American Alligator are particularly plentiful in the extensive ponds and wet prairies, while Northern Harrier hunt from above. While we are here, butterfly enthusiasts want to look for Salt Marsh Skipper. For those new to butterfly watching, the garden at refuge headquarters makes learning and comparing species much easier! Mammals we may encounter include Coyote, Raccoon, Mink, Muskrat, and Swamp Rabbit. On short trails near headquarters we can stretch our legs and scan for songbirds before our drive back to High Island. Enjoy a free evening tonight with a choice of restaurants. Birding die-hards may want to check out what has turned up at nearby Boy Scout Woods.
Accommodations in Winnie (B,L,D)
Wed., Apr. 24 : High Island | Bolivar Flats | Bolivar Ferry to Galveston Island
Today we are ideally positioned to make the most of where birds are plentiful, and to search for species we may have not yet encountered. If the action is high at Boy Scout Woods at High Island we stop there to check for warblers and other migrant songbirds. This and other Important Bird Areas all hold potential. In general we head down the coast, visiting ponds and shorelines and then crossing by ferry to Galveston. Here we visit several key birding spots before crossing back over to the mainland to position ourselves near Brazos Bend State Park for tomorrow’s grand finale.
Accommodations in Alvin (B,L,D)
Thurs., Apr. 25: Brazos Bend State Park | Final Birding & Departures from Houston
This morning we visit one of the best kept secrets of Texas Coast birding, Brazos Bend State Park. Here we often add several key species, in forests and wetlands, including Pileated Woodpecker and common Prothonotary Warblers. We might have to zig-zag across the trails to avoid American Alligator! We plan to arrive at the airport by 12:30 PM, for flights out after 2:00 PM, so please plan your return travel accordingly. We do want the morning for birding, so please honor these flight times. (B)
Cost of the Journey
Cost of the journey is $2790 DBL / $3350 SGL from Houston, Texas. Cost includes: all accommodations; all meals as stated in the itinerary; group airport transfers; ground transportation; professional guide services; park, preserve, and other activity fees; and miscellaneous program expenses. Tour price does not include: roundtrip airfare to and from Houston or items of a personal nature such as laundry, porterage, telephone charges, or alcoholic beverages. Gratuities for maids or porters, and gratuity for your guides are not included—these are at your discretion, but highly appreciated and recommended. With fewer than 6 participants, a small-group surcharge (typically $100 - $300 per participant) may apply, or we may request that you pick up the cost of a few additional dinners in lieu of this surcharge.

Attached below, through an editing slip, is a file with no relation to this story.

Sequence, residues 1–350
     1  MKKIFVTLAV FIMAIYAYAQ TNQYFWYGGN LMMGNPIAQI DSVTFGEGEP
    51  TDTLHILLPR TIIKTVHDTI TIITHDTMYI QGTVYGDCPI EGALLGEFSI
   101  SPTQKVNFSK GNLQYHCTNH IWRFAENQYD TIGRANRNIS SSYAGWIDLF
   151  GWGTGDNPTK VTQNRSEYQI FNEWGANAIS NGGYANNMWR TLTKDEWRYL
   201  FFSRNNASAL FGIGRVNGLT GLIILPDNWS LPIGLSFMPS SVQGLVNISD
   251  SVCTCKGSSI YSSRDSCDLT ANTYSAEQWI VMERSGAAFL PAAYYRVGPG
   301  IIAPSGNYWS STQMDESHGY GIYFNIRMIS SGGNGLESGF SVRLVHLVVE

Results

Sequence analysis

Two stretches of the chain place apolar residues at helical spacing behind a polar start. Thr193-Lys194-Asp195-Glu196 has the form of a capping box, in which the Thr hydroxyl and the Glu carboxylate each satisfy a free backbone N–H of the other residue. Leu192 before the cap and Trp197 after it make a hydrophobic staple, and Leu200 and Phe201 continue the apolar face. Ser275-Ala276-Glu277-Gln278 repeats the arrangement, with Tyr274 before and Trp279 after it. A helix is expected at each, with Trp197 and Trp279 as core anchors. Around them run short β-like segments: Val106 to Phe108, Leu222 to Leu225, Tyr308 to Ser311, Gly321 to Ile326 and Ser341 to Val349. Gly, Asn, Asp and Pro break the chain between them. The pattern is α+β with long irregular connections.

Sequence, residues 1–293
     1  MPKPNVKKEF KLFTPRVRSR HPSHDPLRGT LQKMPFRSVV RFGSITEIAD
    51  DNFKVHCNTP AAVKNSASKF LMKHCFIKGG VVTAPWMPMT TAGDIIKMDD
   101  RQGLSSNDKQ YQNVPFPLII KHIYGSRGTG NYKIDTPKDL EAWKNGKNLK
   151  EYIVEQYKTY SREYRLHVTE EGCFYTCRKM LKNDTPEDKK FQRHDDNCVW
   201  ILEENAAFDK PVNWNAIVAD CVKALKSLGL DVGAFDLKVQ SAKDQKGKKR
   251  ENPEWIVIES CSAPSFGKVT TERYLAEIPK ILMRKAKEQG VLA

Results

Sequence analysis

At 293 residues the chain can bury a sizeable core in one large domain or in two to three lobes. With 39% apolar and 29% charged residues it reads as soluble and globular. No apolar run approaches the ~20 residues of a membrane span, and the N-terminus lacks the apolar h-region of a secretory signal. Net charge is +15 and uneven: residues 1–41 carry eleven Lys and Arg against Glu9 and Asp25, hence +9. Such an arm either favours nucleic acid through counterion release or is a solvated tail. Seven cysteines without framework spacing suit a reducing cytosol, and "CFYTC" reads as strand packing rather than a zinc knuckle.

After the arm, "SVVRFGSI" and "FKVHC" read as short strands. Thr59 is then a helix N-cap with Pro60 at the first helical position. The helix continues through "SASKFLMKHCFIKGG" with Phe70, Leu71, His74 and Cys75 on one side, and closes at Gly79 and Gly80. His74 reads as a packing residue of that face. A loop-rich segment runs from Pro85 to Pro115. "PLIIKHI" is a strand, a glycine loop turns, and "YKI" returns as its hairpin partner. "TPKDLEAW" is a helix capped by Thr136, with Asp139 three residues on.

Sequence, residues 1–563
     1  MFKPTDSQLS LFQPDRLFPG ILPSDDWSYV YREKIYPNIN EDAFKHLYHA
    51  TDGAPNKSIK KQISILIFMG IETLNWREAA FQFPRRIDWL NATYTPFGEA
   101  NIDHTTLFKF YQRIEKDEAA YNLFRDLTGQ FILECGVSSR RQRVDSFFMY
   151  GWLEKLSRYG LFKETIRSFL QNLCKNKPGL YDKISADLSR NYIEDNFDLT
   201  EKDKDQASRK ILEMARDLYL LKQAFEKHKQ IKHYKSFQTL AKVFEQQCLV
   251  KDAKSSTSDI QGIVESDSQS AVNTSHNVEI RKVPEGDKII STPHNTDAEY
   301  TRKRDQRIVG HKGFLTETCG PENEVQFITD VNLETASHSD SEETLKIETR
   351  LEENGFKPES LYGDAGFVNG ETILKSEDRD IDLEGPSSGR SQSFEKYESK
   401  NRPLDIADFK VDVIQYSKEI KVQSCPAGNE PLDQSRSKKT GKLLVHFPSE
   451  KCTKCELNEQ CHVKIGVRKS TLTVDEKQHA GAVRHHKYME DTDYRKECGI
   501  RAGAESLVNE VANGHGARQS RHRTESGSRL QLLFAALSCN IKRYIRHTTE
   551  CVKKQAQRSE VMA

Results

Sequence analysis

Please plan to make air travel plans only after the minimum group size has been met. We will send you a confirmation email as soon as the trip has been confirmed.
Arrival and Departure Airport: George Bush International (IAH)
Arrive: Plan flights to arrive April 17, 2024 before 2:00 PM.
Depart: Plan flights to depart April 25, 2024 after 2:00 PM
If you arrive early or stay on after the trip in Houston, there are dozens of motels close to the airport; The Hampton Inn Suites and the Clarion Inn are just two with reasonable rates and free airport shuttle.
Items of Note
Pair this tour with our Texas Big Bend tour and we’ll reimburse your connecting flight up to $100. Talk to us for details.
Browse below for trip reports and species lists from past versions of this and other tours from this destination.
Big Bend & Davis Mountains
- April 2011
- April 2012
- April 2014
- April 2015
- April 2016
- August 2016
- April 2017
- April 2019
- May 2019
- April 2021
- May 2021
- April 2022
- April 2022
- May 2022
- April 2023
- April 2023
- May 2023
Big Bend Monsoon Madness
- February 2012
- February 2014
- February 2018
- February 2019
- March 2019
- February 2020
- April 2021
- September 2021
- November 2021
- February 2022
- March 2022
- October 2022
- November 2022
- January 2023
- March 2023
- April 2012
- April 2014
- April 2019
- April 2021
- April 2022
- April 2023
Texas Hill Country
Mason is a New Mexico native who started birding at age 11 when his family moved within walking distance of the Richardson Bay Audubon Sanctuary in Tiburon, California. Here, he became an Audubon Junior Naturalist. His love of birding and travel grew through as he moved with his family to Alaska, Ohio, and Vermont, college on the east coast, and a few years trying to eke out a living as a birder/ski bum in Montana and back in New Mexico.
In desperate need of gainful employment, Mason settled in Seattle where he spent most of his career at Microsoft. Mason was able to feed his habit by adding on a day or two of birding to business trips across the US, Europe, and Asia and travel with his family. His wife Suzy, who loves travel but isn’t a birder, is a good sport and jokes that being married to a birder has given her the opportunity to visit sewage treatment ponds around the world.
Mason retired a bit early in 2015 to help fledge his two sons, squeezing in travel and birding between soccer games and band performances. He was thrilled to finally combine his passions and profession when he joined Naturalist Journeys as a consultant in early 2020. Mason has led field trips in Guyana, Peru, Iceland, Texas, Washington, Wyoming, Southeastern Arizona, Minnesota, and South Africa.